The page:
How to Solder Copper Plumbing Pipe / Fittings.
(How to Sweat Copper with a Propane Torch)

With the parts fluxed, fit them together and support them on a solid, non-flammable surface. You do not need to fit together every single piece and solder it at once, and in some instances it will work best to solder one fitting at a time, allow it to cool, and then flux and fit together subsequent parts. In some instances, when you are working on fittings being added to an existing plumbing system, it may work best to assemble all the parts at once, in order for them to fit into place, and then solder them after all are assembled.

If you are soldering fittings on an existing water supply line, keep in mind that it is imperative that you shut the water supply valve off and drain all of the water from the pipes being worked on before attempting to solder in a new section. Removing all the water from a system can sometimes be quite difficult and time consuming, and it can help the system to drain if you open the lowest valves in the system that you can find, such as outdoor hose bib faucets, as it vents the system and allows the water to drain. If even a small trickle of water seeps into a pipe or fitting that you are trying to solder, the resultant steam and the cooling effects of this water make it virtually impossible to solder the fitting properly. To temporarily plug a pipe to keep water from seeping into a fitting being soldered, I have heard of some plumbers using white bread, forced down into the pipe to plug it long enough for the soldering to take place. After soldering, the bread tends to dissolve when the water is turned back on. You can also buy special plugs that are made for the same purpose, and later dissolve when the water supply is turned back on again.


Safety Goggles: Many things can happen while soldering that could place your eyes in jeopardy. Acidic flux could drip or splash into your eye, or an impurity in the solder could cause this hot metal liquid to splatter as the torch flame is heating it. It is always advisable to wear eye protection when soldering.

It is best to start soldering by using a flame that is not too intense. Overheating the pipe is counter-productive as the solder will cease to flow properly. You want a blue inner portion to the flame, as seen here, but avoid using a flame that is extremely loud and hot. As you heat the pipe and fitting, concentrate most of the heat on the fitting, as it is allows heat to dissipate from the fitting to the the part of the pipe that is inserted inside it, heating both more evenly. Also, move the torch flame from side to side, so that the heat is not totally concentrated on one spot. If you can heat the fitting from only one side, it is best to use a low flame, and give the heat time to spread evenly throughout the fitting. DO NOT hold the solder wire near the flame as you are heating the fitting. In order for the solder to properly bond to the copper surfaces, it must melt from contact with the heat of the copper itself, and not be melted merely by being stuck into the flame of the torch. The solder wire is never put in contact with the flame, and in most cases the torch flame will be removed from the fitting after it is heated so that you can go about the task of soldering it.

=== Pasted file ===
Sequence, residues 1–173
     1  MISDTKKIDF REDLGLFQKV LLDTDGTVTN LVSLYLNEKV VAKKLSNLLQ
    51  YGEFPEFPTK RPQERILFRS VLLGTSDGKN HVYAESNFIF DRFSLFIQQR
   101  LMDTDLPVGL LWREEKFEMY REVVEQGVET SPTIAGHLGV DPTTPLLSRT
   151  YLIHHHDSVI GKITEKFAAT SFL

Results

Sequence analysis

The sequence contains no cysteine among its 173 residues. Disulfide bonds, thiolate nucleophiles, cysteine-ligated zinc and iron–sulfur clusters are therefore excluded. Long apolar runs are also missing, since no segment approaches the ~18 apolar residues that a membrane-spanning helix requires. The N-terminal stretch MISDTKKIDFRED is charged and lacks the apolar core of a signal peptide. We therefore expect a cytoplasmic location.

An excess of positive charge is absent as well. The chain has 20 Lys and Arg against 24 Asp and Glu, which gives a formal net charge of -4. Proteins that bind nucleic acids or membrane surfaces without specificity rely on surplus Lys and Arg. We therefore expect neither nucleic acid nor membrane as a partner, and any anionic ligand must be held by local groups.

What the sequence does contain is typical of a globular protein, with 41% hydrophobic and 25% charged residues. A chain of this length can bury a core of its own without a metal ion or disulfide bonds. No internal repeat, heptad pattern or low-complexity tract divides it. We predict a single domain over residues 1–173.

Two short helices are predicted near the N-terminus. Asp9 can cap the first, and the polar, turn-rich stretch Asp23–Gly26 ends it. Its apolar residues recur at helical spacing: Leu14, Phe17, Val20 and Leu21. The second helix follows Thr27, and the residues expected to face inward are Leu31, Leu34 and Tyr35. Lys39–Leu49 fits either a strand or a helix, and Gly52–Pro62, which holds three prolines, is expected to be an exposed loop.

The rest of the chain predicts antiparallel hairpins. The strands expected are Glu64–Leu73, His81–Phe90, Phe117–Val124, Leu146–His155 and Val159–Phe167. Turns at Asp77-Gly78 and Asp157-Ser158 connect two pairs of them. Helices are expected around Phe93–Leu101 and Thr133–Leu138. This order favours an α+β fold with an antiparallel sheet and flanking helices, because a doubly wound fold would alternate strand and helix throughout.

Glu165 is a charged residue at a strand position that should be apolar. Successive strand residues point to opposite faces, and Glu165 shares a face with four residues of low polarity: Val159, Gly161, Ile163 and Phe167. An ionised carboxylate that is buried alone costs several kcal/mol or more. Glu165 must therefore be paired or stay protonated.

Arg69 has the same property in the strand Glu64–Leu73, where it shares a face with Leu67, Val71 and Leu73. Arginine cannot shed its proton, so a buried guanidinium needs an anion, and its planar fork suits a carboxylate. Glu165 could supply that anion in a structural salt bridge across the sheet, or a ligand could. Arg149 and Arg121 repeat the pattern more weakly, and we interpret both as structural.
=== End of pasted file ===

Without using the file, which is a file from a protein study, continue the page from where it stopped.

NOTE: heat from the torch flame can cause the pipe to get VERY hot throughout its length. Do not assume that the pipe will remain cool enough to handle just because you grab ahold of it a foot or more back from where you have heated a fitting, since it almost certainly will burn you. Wearing leather gloves is always a good precaution. The heat from the torch is also an inherent FIRE DANGER. If the torch flame is not carefully controlled or is misdirected, it can quickly cause any combustible material to ignite. This can be especially dangerous if you are working in a confined space, such as the crawlspace of a house. Often, water has been shut off in order to facilitate work on the plumbing, so a handy garden hose may not be available to put out a fire. Keeping a fire extinguisher on hand is always a good safety measure.